Tuesday, June 12, 2007


Nearby we found the castle of Haut Kœnigsbourg, and at last my mission could begin. The Admiralty, worried at the amazing talent and Teutonic efficiency on display at Lead Adventure, had ordered me to investigate this worrying trend. We could not be allowed to lag behind in this field, so I was ordered to steal their secrets...

I had managed to trace German achievements in figure painting back to the 1890s, when Kaiser Wilhelm, alarmed at the wargaming experiments of H.G. Wells, and worried that the British Empire had a far bigger force of painted toy soldiers, founded the Schnellminiaturmalereiinstitut (or something, my German is frankly abysmal).

Here, at Haut Kœnigsbourg the Institute began its top secret work.

Thanks to the centuries-long game of Pass-the-Parcel that Germany and France have been playing with Alsace and Lorraine, this formerly German (and briefly Swedish) castle now finds itself once again firmly in France. Thus I could gain entry and search to see if the Germans had left any clues to their new quick-painting technology when they hastily left in 1918.

So in we crept...

A-ha, some evidence of painting on the walls. This looked promising...

We continued inwards, up the spiral staircase.

More wall paintings, Arthurian by the looks of things. What terrible research. They didn't have armour like that in Dark Age Britain!

Now that's a big barrel. Grand idea. Painting figures is thirsty work.

Just past this we found some remnants of the institute, that the fleeing Germans had left behind...

Now I've never really been a fan of NMM, but you've got to admit, that is good painting. Very realistic.

Well, the painting is okay, but I don't really care for flats.

An early Citadel dragon on a flying base dating back to 1903, when White Dwarf was still just about worth reading.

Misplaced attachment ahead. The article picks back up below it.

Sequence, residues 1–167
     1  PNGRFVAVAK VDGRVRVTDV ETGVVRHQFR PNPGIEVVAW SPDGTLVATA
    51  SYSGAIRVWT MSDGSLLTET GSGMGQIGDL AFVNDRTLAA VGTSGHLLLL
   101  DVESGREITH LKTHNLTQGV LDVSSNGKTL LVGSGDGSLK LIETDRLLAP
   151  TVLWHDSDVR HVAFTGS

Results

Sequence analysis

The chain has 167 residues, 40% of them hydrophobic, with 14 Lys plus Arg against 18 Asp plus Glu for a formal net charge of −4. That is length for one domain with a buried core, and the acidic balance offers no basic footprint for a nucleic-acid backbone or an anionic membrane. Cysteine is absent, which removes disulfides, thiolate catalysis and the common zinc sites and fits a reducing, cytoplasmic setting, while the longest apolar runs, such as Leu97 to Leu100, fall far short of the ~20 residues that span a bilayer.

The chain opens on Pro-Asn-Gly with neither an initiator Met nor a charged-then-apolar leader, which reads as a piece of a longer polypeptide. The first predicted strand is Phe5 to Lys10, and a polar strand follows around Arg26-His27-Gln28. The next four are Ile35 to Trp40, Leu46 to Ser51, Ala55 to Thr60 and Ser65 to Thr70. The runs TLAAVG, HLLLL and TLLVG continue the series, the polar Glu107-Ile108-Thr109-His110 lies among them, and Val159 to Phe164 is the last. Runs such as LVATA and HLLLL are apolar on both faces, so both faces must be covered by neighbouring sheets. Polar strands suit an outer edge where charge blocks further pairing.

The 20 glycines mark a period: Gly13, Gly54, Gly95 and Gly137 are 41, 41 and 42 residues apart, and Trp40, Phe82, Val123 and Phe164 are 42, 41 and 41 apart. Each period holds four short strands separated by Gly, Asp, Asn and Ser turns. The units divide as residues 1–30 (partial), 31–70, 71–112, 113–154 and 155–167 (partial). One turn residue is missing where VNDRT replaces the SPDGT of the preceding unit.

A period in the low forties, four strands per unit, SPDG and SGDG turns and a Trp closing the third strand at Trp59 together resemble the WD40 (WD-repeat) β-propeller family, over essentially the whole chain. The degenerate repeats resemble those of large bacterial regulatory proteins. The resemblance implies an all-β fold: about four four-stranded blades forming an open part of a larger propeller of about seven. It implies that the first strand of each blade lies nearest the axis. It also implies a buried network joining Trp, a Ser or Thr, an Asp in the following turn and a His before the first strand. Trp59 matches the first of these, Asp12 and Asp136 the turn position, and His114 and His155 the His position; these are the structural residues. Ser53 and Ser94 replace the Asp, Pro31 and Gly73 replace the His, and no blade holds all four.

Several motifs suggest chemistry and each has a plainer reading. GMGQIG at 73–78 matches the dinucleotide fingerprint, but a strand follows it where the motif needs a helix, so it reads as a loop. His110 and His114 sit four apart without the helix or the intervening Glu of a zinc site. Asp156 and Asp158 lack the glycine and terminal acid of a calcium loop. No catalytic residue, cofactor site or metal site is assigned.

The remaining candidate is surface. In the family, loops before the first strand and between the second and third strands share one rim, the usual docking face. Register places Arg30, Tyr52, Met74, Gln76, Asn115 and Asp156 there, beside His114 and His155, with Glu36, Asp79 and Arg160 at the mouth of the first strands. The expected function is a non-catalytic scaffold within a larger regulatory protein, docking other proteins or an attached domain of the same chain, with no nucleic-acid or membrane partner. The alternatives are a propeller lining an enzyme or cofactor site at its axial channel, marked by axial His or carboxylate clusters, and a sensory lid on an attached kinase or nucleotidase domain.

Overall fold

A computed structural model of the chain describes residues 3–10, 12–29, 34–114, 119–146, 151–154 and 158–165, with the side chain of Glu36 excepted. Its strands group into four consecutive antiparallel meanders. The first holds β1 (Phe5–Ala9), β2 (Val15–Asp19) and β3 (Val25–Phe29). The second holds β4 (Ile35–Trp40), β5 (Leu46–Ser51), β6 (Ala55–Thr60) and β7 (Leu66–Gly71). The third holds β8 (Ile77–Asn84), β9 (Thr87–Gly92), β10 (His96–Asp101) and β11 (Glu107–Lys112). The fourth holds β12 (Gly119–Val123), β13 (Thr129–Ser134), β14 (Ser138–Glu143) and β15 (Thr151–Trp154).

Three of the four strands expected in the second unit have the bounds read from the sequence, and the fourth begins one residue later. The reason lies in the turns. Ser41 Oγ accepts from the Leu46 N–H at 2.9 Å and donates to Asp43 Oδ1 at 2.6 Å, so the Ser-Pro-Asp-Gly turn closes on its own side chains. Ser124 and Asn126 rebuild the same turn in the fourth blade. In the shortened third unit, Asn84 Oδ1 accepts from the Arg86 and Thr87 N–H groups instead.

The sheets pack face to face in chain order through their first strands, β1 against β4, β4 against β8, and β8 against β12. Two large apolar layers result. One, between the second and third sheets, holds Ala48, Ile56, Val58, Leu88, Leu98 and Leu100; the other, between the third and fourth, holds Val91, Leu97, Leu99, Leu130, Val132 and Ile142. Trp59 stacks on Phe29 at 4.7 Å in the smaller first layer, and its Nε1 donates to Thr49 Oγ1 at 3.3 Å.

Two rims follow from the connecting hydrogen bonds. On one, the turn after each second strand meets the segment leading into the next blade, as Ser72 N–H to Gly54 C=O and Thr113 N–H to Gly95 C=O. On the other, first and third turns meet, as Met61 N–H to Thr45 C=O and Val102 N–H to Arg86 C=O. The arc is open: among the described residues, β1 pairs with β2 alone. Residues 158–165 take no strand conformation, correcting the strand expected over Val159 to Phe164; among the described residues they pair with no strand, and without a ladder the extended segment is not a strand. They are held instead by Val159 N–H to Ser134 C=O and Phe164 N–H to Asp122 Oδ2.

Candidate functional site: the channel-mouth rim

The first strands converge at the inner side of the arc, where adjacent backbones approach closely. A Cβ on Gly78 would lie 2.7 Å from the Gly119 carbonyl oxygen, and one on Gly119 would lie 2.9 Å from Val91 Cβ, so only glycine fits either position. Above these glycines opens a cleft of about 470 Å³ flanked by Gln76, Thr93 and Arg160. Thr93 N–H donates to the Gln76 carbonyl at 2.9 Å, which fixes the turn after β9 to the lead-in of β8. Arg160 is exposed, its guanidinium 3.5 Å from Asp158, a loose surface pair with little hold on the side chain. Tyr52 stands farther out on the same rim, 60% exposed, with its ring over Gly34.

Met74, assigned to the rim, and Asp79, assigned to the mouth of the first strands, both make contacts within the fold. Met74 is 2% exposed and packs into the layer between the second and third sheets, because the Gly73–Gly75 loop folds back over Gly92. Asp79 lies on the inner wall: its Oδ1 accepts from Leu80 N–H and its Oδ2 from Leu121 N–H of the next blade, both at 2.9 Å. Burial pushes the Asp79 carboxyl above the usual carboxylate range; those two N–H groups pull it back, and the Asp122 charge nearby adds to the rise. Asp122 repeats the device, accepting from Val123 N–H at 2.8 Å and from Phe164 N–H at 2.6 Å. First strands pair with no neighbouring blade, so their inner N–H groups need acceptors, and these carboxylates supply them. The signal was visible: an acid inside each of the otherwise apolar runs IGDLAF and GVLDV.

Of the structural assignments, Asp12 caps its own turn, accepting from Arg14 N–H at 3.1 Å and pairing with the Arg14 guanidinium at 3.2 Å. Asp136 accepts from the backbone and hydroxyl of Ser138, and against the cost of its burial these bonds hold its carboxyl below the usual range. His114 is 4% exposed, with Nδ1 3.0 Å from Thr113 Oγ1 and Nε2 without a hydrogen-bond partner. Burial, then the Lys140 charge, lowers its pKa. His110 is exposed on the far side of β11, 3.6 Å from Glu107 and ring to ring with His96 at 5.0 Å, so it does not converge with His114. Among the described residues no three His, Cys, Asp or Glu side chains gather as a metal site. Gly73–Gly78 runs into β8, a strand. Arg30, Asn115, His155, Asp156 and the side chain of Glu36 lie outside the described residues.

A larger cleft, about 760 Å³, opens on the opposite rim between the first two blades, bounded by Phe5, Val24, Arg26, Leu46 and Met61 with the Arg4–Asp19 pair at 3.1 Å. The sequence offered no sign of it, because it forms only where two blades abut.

Who makes these? I want one, it's cute.

An early rough sketch from the abortive Hide and Seek Miniatures Game rulebook.

Notice that scale creep is not a modern phenomenon. These chaps are listed as 10mm in the catalogue.

A rather large collection of spikey things.

I wondered what they were for a while, but it seems they were for clearing all the flash, mould lines and other shit from the figures Foundry started selling after they "went bad."

It's old Kaiser Bill, founder of the institute. Hundreds of these convincing, life-size cut-outs were scattered all over Germany to confound would-be assassins.

Urk. I hate painting spoked wheels. I always notice loads of bits I've missed once I think I've finished and have washed my brush.

Another gun, identical to the one above, except that it has some noisy German schoolchildren behind it.

Plynkes, beginning to regret agreeing to the whole "shoot me out of a cannon" thing, and wondering how he's going to fit.

"Haut Kœnigsbourg commands striking views of the surrounding Vosges Mountains..."

Oh really?

...I can't even see the bloody far end of the castle, let alone any stupid mountains.

I want my money back. Where's my view?

Besides, my investigation had found little of use here, save for a forwarding address left by the Germans in 1918. The Institute had moved to a castle in Germany. So we would have to cross the border to continue the mission.

Bloody typical, just as we were leaving, the cloud began to lift. I think they've got a weather machine set on "fog", so that you can't take any decent photos and are forced to buy postcards. Which is what I did. Here's what the castle looks like on a sunny day if you happen to have a helicopter:

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